2017 Update: Following the 2016 election, Donald Trump was elected the 45th President of the United States.
2016 Update: Now that both party conventions have come to a close, each party has released their official platform and made their individual presidential nominees. See NNIRR’s Political Party Comparison Chart to learn about the official Republican and Democratic immigration positions. It is important to read about these platforms, as they often affect the policies of the presidential candidates. To learn more about each party’s convention, see below for coverage of the convention highlights.
The Democratic National Convention began in chaos with the release of an unfortunate email scandal. However, the DNC continued with a full schedule of speakers despite the initial disruption. Some star speakers include Michelle Obama, Bernie Sanders, Tim Kaine, Bill Clinton, Joe Biden and President Obama. On day 2 of the convention, The Democratic Party released their official party platform, where details about their immigration policy may be found on pages 16-17. Additionally, Hillary Clinton became the first woman to be nominated for President. Read her full speech nomination speech here.
As of July 21st, the 2016 GOP Convention officially came to a close. From the protesters who built a wall outside the convention, to the #NeverTrump disruption, to allegations of plagiarism against Melania Trump, to selecting Mike Pence as Mr. Trump’s official running mate, to Ted Cruz’s refusal to endorse Trump, and Trump’s official acceptance of the Republican Presidential Nomination, the convention was not without surprises. Especially relevant to immigration, is the official Republican Party Platform, which was released on day 2 of the convention. Details about the Republican immigration policy may be found under the heading “Immigration and Rule of Law”.
See below for information regarding the 2012 Party Platforms.
The Democratic Party has evolved minimally in it’s official stance on immigration, approved during the 2012 Democratic Party National Convention. The Democratic Party platform outlines comprehensive immigration reform (CIR) as “essential”. The party further outlines a vision to keep families together and to create a pathway to citizenship for “taxpaying, law abiding, and English speaking immigrants”. The Democratic Party commends the progress of security at the United States’ Southwest border. Simultaneously, the Party distinguishes good immigrants from bad immigrants and suggests this distinguishment as a way to prioritize deportations for “criminal”, “violent” immigrants, as opposed to immigrants in more vulnerable situations. In their platform, the Democrats recognize legislation as the only sustainable and permanent solution to reforming the nation’s immigration system.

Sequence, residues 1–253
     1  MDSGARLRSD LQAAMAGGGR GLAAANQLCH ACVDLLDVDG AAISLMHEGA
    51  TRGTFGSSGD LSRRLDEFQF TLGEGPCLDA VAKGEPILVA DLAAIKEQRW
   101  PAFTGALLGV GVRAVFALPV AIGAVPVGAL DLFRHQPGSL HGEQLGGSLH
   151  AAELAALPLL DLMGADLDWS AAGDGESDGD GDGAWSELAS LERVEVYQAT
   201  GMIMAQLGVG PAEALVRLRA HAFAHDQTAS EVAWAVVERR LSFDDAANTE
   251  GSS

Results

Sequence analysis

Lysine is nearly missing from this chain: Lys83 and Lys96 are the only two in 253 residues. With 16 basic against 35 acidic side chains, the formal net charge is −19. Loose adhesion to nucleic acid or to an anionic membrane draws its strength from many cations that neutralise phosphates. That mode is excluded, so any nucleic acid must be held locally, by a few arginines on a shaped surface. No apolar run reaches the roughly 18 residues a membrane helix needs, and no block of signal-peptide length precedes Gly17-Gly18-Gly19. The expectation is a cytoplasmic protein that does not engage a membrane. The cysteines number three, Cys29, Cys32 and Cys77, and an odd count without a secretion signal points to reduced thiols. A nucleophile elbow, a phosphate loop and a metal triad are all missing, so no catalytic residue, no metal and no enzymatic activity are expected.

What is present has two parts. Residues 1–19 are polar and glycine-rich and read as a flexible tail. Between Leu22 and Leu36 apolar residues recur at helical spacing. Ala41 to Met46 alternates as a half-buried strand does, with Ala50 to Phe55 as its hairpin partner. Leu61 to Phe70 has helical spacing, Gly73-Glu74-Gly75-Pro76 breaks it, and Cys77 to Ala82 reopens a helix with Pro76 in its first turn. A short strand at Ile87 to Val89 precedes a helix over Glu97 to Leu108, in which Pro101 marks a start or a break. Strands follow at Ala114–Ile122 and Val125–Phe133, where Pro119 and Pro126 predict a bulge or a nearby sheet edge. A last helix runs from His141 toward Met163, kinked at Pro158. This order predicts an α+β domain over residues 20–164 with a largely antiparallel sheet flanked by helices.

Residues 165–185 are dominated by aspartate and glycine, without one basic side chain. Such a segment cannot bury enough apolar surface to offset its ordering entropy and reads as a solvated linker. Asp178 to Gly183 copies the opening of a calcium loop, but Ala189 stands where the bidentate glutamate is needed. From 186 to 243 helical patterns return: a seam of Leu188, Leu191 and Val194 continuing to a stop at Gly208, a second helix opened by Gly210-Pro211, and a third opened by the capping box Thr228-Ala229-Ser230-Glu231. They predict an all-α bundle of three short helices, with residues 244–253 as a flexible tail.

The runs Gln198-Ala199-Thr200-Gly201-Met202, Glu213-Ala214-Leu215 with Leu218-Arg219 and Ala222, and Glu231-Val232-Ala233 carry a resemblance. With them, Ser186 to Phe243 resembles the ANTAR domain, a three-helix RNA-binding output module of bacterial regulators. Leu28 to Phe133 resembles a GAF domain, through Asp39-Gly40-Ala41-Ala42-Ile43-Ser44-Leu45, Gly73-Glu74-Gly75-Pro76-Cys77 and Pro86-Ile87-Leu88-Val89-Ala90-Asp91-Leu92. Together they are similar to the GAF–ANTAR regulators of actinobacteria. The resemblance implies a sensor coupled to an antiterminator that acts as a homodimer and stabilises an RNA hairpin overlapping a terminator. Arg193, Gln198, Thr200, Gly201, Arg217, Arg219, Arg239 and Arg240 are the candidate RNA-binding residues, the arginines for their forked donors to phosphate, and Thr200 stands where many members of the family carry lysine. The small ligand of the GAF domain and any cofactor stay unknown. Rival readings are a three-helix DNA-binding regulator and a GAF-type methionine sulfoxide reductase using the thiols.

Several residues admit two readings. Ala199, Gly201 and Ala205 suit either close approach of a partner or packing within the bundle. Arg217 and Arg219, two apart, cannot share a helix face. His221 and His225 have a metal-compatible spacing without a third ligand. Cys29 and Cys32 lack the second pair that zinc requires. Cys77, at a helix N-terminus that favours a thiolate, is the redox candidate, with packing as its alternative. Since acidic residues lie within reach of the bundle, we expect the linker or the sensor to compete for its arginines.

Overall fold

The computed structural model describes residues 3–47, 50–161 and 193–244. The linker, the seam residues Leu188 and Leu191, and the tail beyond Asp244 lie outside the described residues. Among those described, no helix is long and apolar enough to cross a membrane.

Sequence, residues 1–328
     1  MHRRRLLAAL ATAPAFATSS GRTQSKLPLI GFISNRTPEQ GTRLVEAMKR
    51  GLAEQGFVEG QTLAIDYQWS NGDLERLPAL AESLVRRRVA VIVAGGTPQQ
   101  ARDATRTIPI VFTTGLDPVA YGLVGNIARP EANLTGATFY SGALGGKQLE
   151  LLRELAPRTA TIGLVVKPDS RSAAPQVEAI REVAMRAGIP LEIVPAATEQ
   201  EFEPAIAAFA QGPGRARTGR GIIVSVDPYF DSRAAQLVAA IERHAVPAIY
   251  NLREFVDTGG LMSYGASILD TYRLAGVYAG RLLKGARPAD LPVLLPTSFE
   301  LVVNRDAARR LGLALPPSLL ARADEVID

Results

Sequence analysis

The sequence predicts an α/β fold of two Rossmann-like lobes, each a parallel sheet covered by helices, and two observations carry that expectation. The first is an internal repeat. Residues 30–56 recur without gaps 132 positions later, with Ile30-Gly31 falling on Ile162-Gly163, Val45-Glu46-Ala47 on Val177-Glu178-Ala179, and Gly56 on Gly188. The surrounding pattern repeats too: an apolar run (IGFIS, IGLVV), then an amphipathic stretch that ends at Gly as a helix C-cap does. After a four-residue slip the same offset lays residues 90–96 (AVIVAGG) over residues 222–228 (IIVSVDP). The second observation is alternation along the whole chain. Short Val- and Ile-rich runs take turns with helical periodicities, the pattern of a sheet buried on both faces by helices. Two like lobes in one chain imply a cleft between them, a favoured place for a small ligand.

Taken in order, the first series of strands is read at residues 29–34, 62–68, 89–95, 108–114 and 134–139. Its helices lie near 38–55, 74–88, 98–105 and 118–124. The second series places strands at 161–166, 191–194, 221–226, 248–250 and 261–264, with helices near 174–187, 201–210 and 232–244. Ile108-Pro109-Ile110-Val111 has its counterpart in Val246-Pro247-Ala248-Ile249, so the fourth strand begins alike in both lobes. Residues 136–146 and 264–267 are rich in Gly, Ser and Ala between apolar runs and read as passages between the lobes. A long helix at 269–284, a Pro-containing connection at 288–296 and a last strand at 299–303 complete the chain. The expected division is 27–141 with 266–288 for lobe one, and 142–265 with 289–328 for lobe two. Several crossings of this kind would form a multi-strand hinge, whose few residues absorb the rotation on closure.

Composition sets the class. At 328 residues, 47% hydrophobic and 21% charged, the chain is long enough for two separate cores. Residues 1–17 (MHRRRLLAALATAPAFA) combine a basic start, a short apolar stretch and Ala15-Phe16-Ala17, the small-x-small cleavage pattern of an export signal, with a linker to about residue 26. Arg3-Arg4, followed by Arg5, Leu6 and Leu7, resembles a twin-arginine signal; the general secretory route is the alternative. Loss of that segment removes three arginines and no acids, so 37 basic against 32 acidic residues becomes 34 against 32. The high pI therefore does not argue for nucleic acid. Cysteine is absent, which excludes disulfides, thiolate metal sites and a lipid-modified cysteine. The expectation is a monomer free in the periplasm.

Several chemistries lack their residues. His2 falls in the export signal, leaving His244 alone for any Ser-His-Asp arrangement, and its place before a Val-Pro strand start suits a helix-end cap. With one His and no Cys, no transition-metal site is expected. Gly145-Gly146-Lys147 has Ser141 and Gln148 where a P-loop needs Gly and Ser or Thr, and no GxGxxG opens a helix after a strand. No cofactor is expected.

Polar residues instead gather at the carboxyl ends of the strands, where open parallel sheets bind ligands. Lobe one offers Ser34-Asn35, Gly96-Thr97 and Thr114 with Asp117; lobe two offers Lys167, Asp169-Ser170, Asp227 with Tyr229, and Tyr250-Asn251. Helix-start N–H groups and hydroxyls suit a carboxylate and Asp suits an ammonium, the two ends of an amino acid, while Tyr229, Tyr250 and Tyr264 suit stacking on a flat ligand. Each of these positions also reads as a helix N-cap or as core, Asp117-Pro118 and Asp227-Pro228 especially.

The Republican Party has also evolved minimally in it’s official stance on immigration, approved during the 2012 Republican Party National Convention. More now than ever before, the Republican Party lists border security as our nation’s number one priority regarding immigration. While the party recognizes the economic contribution of “legal immigrants”, it claims that “illegal labor takes away from US labor”. The party suggests that undocumentedness provides a national security risk. Republicans oppose amnesty for undocumented immigrants, support an electronic verification system at workplaces, and support long term detention of immigrants. Their official platform demands the completion of a fence along US borders.
The official platform on immigration of the Green Party can be found here. The policy states that, “Any immigration policy should be seen as a way to address all people’s humanitarian needs as we undo the damage to local communities and chart a course toward sustainable local economies.” The Green Party states in their platform on immigration that people should be able to live in whichever country they want to. They further propose immediate legal status for all of the undocumented immigrants currently in the United States, and specifically one that calls for a path to citizenship. The party proposes permanent border passes for all Canadian and Mexican citizens, as well as easily accessible work permits. Green Party members support an immigration process that makes a pathway to citizenship affordable, not financially burdening.